Counterfeit fitness gear pervades market

LOS ANGELES Experts say the latest crop of fake exercise equipment is more real-looking than ever, but looking real and being real could mean the difference between getting a real workout and getting hurt.

At first glance, counterfeit fitness products look like a great way to tone abs, build muscle and even build your home gym. However, the U.S. Customs and Border Protection says to take a closer look.

"We're increasingly seeing various types of consumer products counterfeited including the latest trend of exercise and fitness equipment," said Therese Randazzo of U.S. Customs.

Counterfeit equipment include everything from basic fitness DVDs and popular infomercial products to the Malibu Pilates Chair and the Bow Flex Home Gym and its accessories.

The government has made nearly two dozen seizures of these bogus goods since April.

"We've seized about 32,000 pieces," said Randazzo.

Despite increased surveillance, customs says an unknown number of fakes are still ending up on the market.

"A number of them are being sold over the Internet on sites like Craigslist or eBay, and a number of them are also showing up in brick-and-mortar stores," said Randazzo.

Fitness fanatic Laurie Stopyra purchased her home gym equipment on Craigslist.

"It was easier for me to buy it offline, and basically the cost is why I bought the treadmill off someone else, it's cheaper," said Stopyra.

Lori's treadmill was the real deal, but next time she shops, she admits she'll do more research. That's because bogus goods won't just hurt your wallet. With fitness equipment, the quality may be inferior.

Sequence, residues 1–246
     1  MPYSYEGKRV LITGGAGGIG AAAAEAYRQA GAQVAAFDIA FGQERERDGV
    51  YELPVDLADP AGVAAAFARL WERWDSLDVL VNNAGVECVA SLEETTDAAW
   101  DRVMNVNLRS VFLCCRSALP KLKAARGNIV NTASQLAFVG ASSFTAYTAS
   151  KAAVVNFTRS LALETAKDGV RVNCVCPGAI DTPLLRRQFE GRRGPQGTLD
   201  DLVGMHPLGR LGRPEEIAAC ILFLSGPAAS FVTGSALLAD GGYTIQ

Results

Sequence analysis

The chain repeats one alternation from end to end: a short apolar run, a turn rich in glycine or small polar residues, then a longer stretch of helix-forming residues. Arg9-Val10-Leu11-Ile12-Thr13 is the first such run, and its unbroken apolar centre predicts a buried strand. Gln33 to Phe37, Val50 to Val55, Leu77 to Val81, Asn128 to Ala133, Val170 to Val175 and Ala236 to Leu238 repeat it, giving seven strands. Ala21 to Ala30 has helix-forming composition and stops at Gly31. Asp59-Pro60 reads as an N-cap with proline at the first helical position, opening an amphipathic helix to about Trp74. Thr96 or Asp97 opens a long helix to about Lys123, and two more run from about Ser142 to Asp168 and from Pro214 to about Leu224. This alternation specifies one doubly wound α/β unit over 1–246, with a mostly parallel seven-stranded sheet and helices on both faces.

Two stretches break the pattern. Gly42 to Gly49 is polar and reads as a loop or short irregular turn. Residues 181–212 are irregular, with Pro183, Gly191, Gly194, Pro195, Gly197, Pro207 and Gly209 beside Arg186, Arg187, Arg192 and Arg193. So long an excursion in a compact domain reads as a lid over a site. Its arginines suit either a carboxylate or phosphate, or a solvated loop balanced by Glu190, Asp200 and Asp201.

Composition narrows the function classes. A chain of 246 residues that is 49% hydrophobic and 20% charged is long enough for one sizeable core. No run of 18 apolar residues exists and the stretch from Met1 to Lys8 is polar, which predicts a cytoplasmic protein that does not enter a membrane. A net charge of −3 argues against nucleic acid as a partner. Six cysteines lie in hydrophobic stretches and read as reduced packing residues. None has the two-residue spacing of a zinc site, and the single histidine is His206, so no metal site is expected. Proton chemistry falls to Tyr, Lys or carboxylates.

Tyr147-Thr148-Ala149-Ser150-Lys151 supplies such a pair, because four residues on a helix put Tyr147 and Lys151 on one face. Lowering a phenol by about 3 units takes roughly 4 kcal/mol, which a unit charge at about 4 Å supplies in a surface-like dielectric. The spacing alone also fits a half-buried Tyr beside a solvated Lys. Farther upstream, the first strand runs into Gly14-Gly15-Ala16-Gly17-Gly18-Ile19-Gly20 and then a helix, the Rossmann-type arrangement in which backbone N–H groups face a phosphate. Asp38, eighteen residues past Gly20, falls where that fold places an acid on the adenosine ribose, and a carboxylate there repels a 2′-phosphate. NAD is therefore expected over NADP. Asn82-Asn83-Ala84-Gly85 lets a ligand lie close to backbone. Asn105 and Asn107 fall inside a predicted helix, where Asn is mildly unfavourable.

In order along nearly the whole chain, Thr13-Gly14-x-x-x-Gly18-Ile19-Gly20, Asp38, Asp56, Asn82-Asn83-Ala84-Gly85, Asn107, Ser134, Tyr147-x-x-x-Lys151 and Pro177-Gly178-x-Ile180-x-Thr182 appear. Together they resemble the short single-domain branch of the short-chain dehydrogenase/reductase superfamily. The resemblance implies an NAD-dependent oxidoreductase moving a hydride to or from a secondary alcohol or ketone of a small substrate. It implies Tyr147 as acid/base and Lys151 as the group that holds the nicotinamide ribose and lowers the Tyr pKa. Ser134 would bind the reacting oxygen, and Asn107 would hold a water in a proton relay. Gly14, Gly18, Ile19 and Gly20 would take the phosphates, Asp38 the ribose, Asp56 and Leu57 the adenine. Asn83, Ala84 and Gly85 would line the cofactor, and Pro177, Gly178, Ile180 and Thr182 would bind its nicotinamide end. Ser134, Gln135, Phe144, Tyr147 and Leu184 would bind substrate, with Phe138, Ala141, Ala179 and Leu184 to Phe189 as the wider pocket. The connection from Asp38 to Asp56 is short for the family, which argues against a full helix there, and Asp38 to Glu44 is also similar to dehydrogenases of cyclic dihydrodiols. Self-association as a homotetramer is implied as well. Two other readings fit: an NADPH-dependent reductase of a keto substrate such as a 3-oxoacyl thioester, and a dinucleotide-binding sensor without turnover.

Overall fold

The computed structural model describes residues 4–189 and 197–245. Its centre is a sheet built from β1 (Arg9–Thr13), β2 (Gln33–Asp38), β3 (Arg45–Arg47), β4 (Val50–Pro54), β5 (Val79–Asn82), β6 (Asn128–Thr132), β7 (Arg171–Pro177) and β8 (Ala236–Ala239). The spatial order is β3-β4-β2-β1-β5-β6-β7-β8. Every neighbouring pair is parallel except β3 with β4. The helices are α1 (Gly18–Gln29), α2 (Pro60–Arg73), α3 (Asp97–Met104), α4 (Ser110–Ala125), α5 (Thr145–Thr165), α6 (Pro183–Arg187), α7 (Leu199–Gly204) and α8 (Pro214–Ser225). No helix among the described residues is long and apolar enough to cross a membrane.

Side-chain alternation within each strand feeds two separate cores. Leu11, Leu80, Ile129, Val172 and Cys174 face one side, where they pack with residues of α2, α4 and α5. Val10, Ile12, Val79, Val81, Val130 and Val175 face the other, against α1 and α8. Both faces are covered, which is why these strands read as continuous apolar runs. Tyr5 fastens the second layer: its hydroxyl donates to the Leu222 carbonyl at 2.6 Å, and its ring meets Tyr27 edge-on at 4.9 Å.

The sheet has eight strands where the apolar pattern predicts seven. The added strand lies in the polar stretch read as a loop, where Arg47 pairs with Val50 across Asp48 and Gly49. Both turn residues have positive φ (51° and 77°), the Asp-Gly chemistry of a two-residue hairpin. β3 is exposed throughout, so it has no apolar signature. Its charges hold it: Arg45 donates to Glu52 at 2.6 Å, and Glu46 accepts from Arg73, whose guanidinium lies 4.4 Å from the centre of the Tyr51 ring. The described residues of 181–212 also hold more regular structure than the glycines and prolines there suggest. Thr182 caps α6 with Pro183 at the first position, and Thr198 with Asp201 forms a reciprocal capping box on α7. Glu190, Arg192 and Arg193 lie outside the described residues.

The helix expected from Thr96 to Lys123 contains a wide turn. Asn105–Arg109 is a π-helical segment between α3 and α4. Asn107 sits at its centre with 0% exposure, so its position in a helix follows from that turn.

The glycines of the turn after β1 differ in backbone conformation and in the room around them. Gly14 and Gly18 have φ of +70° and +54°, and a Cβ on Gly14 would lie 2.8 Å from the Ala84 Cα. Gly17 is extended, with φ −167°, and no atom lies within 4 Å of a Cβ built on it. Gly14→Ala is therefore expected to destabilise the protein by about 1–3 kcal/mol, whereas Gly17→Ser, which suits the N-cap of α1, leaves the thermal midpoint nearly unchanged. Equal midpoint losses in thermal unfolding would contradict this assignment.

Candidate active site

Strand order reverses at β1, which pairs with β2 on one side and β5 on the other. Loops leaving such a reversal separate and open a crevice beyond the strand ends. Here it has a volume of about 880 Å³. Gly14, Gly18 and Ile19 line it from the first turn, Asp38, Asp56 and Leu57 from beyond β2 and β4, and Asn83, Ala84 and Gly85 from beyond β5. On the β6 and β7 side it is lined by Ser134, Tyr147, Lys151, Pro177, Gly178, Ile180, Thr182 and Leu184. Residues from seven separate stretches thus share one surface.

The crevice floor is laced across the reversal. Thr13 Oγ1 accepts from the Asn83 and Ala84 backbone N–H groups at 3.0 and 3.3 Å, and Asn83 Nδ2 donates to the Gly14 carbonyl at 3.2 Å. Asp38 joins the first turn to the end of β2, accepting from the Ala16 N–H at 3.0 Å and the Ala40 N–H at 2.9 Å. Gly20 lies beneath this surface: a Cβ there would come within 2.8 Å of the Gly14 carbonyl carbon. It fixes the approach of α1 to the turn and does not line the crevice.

Dr. Barbara Bushman, a fellow of the American College of Sports Medicine, says that exercising with improper equipment can result in possible muscle pulls, and neck, spinal cord and facial injuries.

"Any time we're looking at resistance training equipment that includes pulleys and levers or bands, we want to make sure those are secure," said Bushman.

What's just as scary are loose weight plates. Most of the products are coming from China, and U.S. Customs are working hard to identify suspects and shipments.

"Where we find counterfeit products, we're seizing them and getting them out of the market place," said Randazzo.

So, what can you do? Familiarize yourself with what the real deal looks like by paying close attention to the logo, the color, the wording on the label and even the packaging.

"If the manufacturer's Web site says we only sell these via these outlets, and you're getting it from a different outlet, then you should be questioned why that product is for sale there and where it came from," said Randazzo.

One way to help curb the fake frenzy is for the government to work with the companies whose products are being copied. Often, those companies will inform consumers with where they can buy those products legitimately. You may see the warnings to buying counterfeit right on their Web site, so that might be the first place to do your research before you buy.

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